The first step to building a really good hi-fi system is understanding that the only person who can provide those ‘which product’ answers is you. So rather than trying to offer you short cuts that turn out to be dead ends, spurious ‘recommendations’ that ultimately don’t deliver, perhaps it’s time to approach this problem from the other end. If magazines can’t (and really shouldn’t try to) provide universal recommendations, perhaps they should work on making it easier to arrive at really meaningful answers of your own. With that in mind, and couched in the form of a loose assortment of half a dozen motoring truisms, three devoted to establishing a decent operational foundation for your system, three concerned with selecting the system itself, here are the golden rule of system building success. Following them won’t guarantee musical satisfaction (there’s a bit more to it than that) but ignore even one and you’ll be severely limiting your system’s potential. How do you build a system? Here’s how…
Rule 1. Don’t try and run a top fuel dragster on diesel
When you listen to an audio system, you are actually listening to your AC supply. The electricity that comes out of the wall is the raw material that is converted into sound – and just like any other process, the resulting performance depends on the quality of the fuel you use. The increasing use of wireless communication systems, switching power supplies, and the massive increase in electrical components loading the national grid all contribute to a situation where AC quality is at an all-time low. What we tend to forget is that a lot of those problems emanate from within our own houses, with multiple appliances, computers, mobile/wireless phones, and data systems all polluting the immediate area. Running a single, dedicated mains spur to feed your audio system, preferably wired with a screened, heavy-gauge cable, and selected sockets and hardware in the fuse-box is possibly the single most cost effective contribution you can make to the performance of your audio system. It might not offer the instantaneous gratification of a NOS injection system, but believe me, the benefits are both permanent and absolutely fundamental.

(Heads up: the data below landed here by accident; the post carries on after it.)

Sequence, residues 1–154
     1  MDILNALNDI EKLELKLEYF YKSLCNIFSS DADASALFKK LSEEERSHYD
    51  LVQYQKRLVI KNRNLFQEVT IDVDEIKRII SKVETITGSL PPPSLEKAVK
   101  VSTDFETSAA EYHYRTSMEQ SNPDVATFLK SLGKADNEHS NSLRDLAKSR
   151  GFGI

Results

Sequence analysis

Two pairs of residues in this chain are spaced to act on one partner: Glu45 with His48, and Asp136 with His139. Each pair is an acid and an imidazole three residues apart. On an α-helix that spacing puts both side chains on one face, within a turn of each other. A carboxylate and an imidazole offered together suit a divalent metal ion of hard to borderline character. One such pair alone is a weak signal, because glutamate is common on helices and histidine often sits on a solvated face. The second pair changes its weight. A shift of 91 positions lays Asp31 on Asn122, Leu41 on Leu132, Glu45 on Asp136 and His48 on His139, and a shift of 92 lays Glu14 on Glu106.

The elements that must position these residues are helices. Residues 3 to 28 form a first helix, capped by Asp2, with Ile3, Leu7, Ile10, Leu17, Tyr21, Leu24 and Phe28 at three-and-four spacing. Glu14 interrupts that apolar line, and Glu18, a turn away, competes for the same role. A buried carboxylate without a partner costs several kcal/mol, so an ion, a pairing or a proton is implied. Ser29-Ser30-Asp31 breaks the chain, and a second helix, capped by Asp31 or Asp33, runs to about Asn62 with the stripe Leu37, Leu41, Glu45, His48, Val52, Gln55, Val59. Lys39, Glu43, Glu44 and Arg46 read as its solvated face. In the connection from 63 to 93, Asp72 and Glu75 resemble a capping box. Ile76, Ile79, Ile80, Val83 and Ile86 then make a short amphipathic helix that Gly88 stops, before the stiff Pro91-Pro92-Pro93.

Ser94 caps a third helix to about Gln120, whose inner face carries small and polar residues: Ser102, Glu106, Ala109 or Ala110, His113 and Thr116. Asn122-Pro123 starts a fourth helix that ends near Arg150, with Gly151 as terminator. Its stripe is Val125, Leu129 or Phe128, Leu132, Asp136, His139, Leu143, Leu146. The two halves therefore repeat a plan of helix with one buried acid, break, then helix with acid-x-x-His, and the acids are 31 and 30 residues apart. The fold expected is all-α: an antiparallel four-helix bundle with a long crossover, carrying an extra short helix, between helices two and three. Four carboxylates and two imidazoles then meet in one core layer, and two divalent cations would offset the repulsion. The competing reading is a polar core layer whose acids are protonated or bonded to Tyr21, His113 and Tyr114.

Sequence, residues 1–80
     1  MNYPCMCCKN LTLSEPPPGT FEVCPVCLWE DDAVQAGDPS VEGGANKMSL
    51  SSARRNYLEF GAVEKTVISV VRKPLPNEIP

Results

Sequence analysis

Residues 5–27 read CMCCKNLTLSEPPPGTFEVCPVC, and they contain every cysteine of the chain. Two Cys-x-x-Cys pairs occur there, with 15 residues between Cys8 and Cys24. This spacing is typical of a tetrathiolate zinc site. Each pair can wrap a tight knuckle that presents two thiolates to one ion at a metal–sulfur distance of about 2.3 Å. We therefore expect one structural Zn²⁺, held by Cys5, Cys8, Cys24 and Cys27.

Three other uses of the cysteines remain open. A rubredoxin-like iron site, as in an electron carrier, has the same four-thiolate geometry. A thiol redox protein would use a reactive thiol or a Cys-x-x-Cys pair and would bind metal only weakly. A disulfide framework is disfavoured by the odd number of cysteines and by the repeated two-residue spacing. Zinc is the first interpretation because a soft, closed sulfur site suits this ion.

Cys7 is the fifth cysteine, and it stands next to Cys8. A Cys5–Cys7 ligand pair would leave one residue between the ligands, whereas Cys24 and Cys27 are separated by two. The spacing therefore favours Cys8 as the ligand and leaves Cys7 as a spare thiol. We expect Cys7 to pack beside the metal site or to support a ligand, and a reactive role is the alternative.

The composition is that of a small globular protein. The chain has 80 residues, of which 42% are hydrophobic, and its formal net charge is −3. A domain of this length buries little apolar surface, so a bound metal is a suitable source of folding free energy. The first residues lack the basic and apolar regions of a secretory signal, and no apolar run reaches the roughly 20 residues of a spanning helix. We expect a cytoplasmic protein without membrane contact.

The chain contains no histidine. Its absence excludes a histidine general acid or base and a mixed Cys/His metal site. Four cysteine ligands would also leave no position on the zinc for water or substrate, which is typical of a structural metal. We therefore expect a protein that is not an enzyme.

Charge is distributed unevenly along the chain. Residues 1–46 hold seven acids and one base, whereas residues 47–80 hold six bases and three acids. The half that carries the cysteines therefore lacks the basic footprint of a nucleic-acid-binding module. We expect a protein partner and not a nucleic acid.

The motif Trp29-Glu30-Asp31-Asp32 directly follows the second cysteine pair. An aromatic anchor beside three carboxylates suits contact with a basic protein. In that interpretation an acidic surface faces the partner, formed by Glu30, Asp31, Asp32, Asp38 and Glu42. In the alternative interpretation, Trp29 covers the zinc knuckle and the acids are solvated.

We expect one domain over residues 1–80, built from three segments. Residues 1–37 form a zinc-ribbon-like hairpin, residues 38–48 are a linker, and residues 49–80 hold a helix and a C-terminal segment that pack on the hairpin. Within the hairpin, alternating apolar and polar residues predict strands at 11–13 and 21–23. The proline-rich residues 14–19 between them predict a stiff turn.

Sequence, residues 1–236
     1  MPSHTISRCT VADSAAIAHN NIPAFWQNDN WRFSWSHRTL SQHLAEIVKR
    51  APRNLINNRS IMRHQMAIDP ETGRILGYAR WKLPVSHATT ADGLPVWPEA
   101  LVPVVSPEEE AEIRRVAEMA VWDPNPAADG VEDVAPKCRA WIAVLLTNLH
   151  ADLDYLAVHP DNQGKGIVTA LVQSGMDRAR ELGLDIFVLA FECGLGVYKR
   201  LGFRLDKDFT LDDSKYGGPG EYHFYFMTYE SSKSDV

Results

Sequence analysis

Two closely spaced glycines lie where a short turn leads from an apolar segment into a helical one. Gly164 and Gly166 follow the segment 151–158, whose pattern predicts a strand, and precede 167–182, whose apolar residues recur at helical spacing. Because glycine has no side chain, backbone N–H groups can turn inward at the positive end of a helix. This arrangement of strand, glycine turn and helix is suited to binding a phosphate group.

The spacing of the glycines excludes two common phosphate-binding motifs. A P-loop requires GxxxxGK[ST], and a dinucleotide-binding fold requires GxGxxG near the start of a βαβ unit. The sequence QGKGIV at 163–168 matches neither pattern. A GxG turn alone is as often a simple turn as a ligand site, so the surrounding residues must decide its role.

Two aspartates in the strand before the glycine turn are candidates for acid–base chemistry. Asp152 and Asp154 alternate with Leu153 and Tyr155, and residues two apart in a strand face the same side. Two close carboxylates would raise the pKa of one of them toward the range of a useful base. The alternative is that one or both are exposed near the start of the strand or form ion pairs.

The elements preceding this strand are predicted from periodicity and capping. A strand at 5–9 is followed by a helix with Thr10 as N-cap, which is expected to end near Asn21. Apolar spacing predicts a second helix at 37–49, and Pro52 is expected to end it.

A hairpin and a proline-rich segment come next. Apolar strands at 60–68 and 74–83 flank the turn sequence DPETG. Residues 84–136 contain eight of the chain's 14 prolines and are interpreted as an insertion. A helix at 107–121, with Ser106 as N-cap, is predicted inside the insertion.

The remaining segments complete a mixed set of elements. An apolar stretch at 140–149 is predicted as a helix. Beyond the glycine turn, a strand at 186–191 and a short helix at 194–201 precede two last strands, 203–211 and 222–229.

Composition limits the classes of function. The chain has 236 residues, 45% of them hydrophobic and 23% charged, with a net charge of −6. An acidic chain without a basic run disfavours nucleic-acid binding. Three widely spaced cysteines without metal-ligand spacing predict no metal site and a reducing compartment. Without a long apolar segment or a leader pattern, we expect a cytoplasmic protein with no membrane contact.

Rule 2. Don’t try and drive a Ferrari across a ploughed field
Let’s be honest, you wouldn’t do it: indeed, you probably couldn’t do it – not enough ground clearance or suspension travel. The Ferrari is definitely designed to run – in fact, will pretty much only run – on perfectly smooth surfaces. Your audio system is the same. Think of discontinuities in the signal path or external mechanical interference as the furrows of that field and you begin to get the picture. Each microphonic intrusion or change in the materials or nature of the cables connecting your boxes together will erode performance, destroying the linearity and musical coherence you are trying so hard (and spending so much) to preserve. In turn, what that means is that you need to pay attention to what sits between your equipment and the floor and what connects it together. So choose racks and shelves that are dispersive and non-resonant in nature – which means avoiding welded steel, glass and if possible MDF. They need to provide a stable and level surface and also consider what (if any) isolation the structure provides from the outside world, between the rack and the floor or the rack and its shelves: and no, spikes don’t count. Likewise, choose your cables (all of them, including the power cords) from a single, coherent range, where a manufacturer uses the same conductor, dielectric materials and design concept across all the products.
Rule 3. It’s all about traction…